China, prominently showcased as the site of the 2008 Olympics, initially stated that Internet access would not be censored at the Olympic Village press center. However, journalists that arrived at the press center found that sites containing politically sensitive matter were inaccessible and learned that the IOC had quietly agreed to “some of the limitations.”
According to Wikipedia, China’s internet censorship does not extend to Hong Kong:
The controls come about a year after Google removed its Chinese language Internet search engine from China and relocated it to Hong Kong, where Beijing has few controls.
Now Google and China are at it again. Yesterday Google accused China of “disrupting” Gmail service saying it was due to a “government blockage.”
Beijing has long had some of the world’s strictest Internet controls. But after pro-democracy demonstrations broke out in the Middle East in January, the Chinese government seems to have intensified effort to censor Web content and disrupt Web searches related to calls for similar protests in China.
China currently blocks other social media sites so prominently featured in pro-democracy demonstrations in other countries recently like YouTube, Twitter and Facebook.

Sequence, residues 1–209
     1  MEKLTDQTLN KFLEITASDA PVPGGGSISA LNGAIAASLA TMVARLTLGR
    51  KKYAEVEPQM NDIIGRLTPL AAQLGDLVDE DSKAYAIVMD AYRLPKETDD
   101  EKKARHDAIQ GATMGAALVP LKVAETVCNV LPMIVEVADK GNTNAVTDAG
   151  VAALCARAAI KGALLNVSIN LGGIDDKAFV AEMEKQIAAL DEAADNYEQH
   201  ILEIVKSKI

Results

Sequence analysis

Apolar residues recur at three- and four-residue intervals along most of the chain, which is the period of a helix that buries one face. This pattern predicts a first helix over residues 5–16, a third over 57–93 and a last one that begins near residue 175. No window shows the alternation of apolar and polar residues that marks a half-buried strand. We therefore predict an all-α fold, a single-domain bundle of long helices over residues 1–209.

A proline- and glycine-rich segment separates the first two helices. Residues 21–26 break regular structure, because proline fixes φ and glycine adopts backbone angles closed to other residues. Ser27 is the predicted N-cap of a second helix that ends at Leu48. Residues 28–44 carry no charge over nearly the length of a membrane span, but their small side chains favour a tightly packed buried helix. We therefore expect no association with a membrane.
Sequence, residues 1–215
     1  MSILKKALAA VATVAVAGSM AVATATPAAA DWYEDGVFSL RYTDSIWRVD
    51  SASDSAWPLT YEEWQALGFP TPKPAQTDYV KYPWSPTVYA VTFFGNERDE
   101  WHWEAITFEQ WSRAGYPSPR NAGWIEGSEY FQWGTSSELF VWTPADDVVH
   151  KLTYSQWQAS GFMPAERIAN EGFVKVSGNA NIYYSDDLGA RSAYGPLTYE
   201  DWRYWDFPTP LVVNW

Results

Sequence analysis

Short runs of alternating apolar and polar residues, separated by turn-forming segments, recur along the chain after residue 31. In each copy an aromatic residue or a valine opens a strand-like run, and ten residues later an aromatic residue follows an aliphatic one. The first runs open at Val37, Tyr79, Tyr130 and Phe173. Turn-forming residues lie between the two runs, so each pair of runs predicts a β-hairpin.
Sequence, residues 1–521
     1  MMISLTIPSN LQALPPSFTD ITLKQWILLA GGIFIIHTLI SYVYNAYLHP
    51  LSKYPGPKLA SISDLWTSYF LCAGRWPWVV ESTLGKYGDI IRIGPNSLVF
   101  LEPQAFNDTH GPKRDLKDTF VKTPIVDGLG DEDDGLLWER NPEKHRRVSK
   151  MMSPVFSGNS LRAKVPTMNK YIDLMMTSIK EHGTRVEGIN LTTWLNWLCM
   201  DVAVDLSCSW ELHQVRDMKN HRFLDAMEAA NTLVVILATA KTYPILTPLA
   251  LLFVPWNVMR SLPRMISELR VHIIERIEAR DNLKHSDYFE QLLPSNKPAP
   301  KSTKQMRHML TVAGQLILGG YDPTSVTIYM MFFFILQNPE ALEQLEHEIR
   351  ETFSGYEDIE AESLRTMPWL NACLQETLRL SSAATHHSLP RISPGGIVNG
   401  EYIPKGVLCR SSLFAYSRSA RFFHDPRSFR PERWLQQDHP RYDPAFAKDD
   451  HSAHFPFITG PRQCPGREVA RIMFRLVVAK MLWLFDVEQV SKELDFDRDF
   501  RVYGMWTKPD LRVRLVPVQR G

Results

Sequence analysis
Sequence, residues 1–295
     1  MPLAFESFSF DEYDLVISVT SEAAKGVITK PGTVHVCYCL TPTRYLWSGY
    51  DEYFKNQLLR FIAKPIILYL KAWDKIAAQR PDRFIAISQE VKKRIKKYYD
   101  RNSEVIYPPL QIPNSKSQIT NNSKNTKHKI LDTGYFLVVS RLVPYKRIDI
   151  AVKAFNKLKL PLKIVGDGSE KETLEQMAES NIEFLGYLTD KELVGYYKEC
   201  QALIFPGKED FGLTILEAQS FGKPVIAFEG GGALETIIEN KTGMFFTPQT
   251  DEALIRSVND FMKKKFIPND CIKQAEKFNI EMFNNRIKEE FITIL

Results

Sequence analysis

Both quotes are from The New York Times.
Meanwhile, China has intensified condemnation of Libyan air strikes and Libya’s top oil official in Tripoli said that oil contracts could be offered directly to China. Along with Russia, China abstained from a U.N. resolution calling for a ceasefire in Libya. India has also criticized the attacks on Libya.
As if that wasn’t enough, China recently was targeted in the crosshairs of none other than Sarah Palin:
I personally have huge military concerns about what is going on in China. What’s with the buildup? You don’t see a tangible outside threat . . . to that country. Is that just for a defensive posture? How can that be? Stockpiling ballistic missiles, submarines, new-age ultramodern fighter aircrafts. It certainly means America needs to be vigilant looking at what China is doing.
–Sarah Palin, speaking in India, March 19, 2011 (Source.)
The destinies of the United States and China seem to be converging in a variety of ways. The question is, how will that all play out? Will we ever so pro-democracy demonstrations in China like we’ve seen in Egypt and other countries? It sure seems unlikely but 2011 has been a strange year so far. Who knows?